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8 Jan 2018
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Big Island

With just one small detour, you can discover a whole new side of the Big Island. Take a chance and visit Hoʻokena, truly one of the most beautiful places only found in Hawaiʻi.

Ho'okena Beach Park

Hoʻokena's Humble Beginnings

Hoʻokena was transformed from a sleepy little fishing village to a vibrant 19th century port town, rivaled only by Kailua-Kona in size and importance. In the 1880s, Hoʻokena was one of a few towns in Hawaiʻi still thickly populated by only Hawaiians. With no road access, travel was done by sea only at a port in the center of town, where ships would bring deliveries to and from the village. Hoʻokena remained isolated for many years until roads to Konawaena connected the village to the developing island. The small fishing village by the sea contained a school, two churches, two stores, a very sturdy wharf, a courthouse and a fine cluster of well-built homes. It wasn't until the mid-1930s that the villageʻs economic importance began to diminish.  

Queen Liliʻuokalani described Hoʻokena in 1881 as being distinctly Hawaiian. In 1890, Whitneyʻs tourist guide said, “Hoʻokena is... Probably the last specimen on the islands of a purely Hawaiian community.” Hoʻokena even attracted author Robert Louis Stevenson, who visited in 1889 and stayed for a week.  

Now, visiting Hoʻokena, one would never know that such a beautiful and isolated beach was once such a successful village.

Getting to Ho'okena

From Kona: Drive south on Hwy 11 (Hawaiʻi Belt Rd/ Kuakini Hwy) for about 20 miles until you pass the 102 mile marker. You will pass Hoʻokena School, which is located on the right side of the road. After you pass the school, look for Hoʻokena Beach Road on the right side of the road. Turn right onto Hoʻokena Beach Road.

From Hilo: Drive north on Hwy 11 (Hawaiʻi Belt Rd/ Kuakini Hwy). You will pass the 101 mile marker and Kealia Ranch Store, Hoʻokena Beach Road is the next left. Take the left down Hoʻokena Beach Road.

From Ho'okena Beach Road: As you begin your descent down the long, curvy, two-mile stretch to the beach, you will pass through ranch lands on both sides of the road. Approach the crumbling rock walls, the only barrier between you and the vertical cliff face, continue to travel down until the luminescent blue ocean can be seen clearly from your car window.

Ho'okena Beach Road

At the bottom, there is a sign that reads “Friends of Hoʻokena - Kayak Rentals, Snorkel Gear, Food,” and points to a rocky, single-lane road leading to the soft black sand beach. The beach is made up of a combination of lava rock and coral, which creates a the dark gray-black sand that covers the beach. Many days, schools of spinner dolphins just outside the coastline and will come into the bay to rest. During the winter, Pilot and Humpback whales can also be seen in the distance.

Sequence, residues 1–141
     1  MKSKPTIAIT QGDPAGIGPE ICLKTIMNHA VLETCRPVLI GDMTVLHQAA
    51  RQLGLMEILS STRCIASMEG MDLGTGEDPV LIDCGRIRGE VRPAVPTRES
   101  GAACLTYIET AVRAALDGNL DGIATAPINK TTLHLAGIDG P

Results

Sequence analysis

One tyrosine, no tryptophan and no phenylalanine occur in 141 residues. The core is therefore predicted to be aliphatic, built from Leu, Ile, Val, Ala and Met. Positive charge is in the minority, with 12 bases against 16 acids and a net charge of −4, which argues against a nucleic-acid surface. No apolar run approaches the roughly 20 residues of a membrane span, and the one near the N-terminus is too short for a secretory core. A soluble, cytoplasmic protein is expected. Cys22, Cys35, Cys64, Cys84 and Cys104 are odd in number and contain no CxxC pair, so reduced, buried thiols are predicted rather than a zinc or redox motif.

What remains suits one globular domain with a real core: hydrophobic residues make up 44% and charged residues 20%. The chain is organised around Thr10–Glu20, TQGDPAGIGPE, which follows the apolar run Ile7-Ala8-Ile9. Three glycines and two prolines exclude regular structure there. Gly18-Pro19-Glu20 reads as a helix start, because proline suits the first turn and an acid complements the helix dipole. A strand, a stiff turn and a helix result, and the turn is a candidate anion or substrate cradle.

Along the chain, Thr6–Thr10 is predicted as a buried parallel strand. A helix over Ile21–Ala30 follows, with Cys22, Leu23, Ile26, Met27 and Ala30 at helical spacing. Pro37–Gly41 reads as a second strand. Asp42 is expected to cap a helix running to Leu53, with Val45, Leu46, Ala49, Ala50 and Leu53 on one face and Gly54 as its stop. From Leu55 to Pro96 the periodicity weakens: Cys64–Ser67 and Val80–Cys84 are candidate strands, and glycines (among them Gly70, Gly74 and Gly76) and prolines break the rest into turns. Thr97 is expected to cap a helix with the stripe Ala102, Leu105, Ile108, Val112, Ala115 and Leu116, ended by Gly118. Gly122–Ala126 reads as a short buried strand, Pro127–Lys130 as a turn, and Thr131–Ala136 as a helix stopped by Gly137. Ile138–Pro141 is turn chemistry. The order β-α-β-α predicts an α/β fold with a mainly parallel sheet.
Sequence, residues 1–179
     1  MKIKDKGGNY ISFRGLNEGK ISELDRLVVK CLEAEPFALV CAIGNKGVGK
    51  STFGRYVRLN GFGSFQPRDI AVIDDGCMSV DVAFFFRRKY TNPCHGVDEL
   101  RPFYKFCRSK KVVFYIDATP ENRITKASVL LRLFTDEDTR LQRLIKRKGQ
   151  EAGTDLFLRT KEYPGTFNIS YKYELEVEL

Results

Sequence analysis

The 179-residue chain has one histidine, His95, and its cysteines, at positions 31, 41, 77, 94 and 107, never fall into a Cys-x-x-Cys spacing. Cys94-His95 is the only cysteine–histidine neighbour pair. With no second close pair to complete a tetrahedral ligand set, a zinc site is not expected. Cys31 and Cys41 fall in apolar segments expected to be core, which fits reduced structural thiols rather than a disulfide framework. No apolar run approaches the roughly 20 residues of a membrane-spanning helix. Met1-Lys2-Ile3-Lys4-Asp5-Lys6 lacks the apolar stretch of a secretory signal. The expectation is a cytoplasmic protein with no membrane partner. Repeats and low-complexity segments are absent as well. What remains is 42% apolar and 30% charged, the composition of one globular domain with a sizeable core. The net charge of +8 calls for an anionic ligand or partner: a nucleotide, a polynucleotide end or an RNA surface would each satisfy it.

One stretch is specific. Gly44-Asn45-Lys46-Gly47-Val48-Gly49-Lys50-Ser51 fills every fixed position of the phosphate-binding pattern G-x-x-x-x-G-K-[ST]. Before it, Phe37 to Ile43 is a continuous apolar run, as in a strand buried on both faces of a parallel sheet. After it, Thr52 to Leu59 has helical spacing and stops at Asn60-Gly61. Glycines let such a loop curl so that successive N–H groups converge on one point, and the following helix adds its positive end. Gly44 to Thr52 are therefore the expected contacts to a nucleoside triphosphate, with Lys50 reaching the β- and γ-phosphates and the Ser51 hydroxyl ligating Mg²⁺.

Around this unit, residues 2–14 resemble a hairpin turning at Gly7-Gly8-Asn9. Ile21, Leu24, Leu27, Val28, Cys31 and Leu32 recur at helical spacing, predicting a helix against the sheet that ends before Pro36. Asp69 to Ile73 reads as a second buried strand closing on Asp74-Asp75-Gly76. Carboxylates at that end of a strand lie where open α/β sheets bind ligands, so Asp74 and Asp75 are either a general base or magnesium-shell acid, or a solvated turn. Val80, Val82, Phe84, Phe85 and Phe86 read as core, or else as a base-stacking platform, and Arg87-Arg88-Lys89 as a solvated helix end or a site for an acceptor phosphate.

Hoʻokena has always been one of my favorite beaches for many reasons. The most important one – it is rarely crowded. Most tourists will never visit Hoʻokena, either because they have never heard of it, it is too far from Kona-town, or they have listened to stories of its historical crime and hostility. However, Ho’okena is full of activities suitable for the entire family and the town is usually made up of a pretty easy going crowd.  

Rent kayaks from "Friends of Ho'okena" and paddle along the Hoʻokena coastline — you will be able to peer out of the kayak and see straight down into the ocean below you! Fish, turtles and coral reef are all visible in this beautiful oasis.

Hoʻokena snorkeling

Hoʻokenaʻs greatest feature by far is the snorkeling off the coastline. Because of its location, the water is usually safe in Hoʻokena, and the current does not pull so heavily due to a cliff face that spreads across the south end of the beach. The snorkling is fantastic due to the lack of foot traffic ruining the coral. Swimming through the coral reefs are multiple kinds of fish, from yellow damsels, Uhu (Parrot Fish), and even a puhi (eel) or two. Embedded in the rock are stunning gems of many colors, including olivine, that are lined with purple, red and black sea urchins. Due to the shallow reef and long coastline, the snorkeling at Hoʻokena is almost as limitless as oneʻs courage.

Hoʻokena coral reefs

A Few Things You Should Know About Ho'okena

  • Hoʻokena offers great snorkeling. Remember to bring your mask, fins and snorkel to enjoy what the beautiful coastline has to offer.

  • Forgot something? That's okay, as the Friends of Hoʻokena booth usually opens from 10 a.m. to 3 p.m. and stocks many supplies including sunscreen, water, beach chairs and gear rental, snacks, including Häagen-Dazs® ice cream bars! And, donʻt forget that kayaks are also available for rent too! For more information check out their website.

  • There are picnic tables spread throughout the beach, making for a great spot to have lunch or dinner. There are many trees on the beach as well, which create ample shade during the hot day.

  • Hoʻokena Beach Park has public restrooms with toilets, sinks and showers. There is never any soap at Ho'okena, so be sure to bring some if you need to, but make sure that it’s biodegradable as the flow ultimately leads to the ocean.

  • Remember your rubba slippas! The black sand gets heated quickly by the overhead sun.

  • This is a less frequented beach than most, so enjoy the privacy and easy-going crowd.

  • Hoʻokena was one of the last fishing villages in Hawaiʻi. It is a sacred place, and should be treated respectfully. Please do not attempt to climb the rock wall or enter into caves.

Aloha e Komo Mai! Hawaiʻi Life ~ Vacations